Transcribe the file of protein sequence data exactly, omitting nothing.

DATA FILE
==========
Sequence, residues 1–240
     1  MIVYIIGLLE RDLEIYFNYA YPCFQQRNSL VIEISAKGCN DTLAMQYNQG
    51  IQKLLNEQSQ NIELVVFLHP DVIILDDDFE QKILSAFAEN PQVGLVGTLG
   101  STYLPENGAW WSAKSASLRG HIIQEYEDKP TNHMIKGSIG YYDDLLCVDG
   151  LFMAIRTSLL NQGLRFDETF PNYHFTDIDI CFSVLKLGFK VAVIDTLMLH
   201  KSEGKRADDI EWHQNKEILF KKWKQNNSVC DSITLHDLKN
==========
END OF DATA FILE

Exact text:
Sequence, residues 1–240
     1  MIVYIIGLLE RDLEIYFNYA YPCFQQRNSL VIEISAKGCN DTLAMQYNQG
    51  IQKLLNEQSQ NIELVVFLHP DVIILDDDFE QKILSAFAEN PQVGLVGTLG
   101  STYLPENGAW WSAKSASLRG HIIQEYEDKP TNHMIKGSIG YYDDLLCVDG
   151  LFMAIRTSLL NQGLRFDETF PNYHFTDIDI CFSVLKLGFK VAVIDTLMLH
   201  KSEGKRADDI EWHQNKEILF KKWKQNNSVC DSITLHDLKN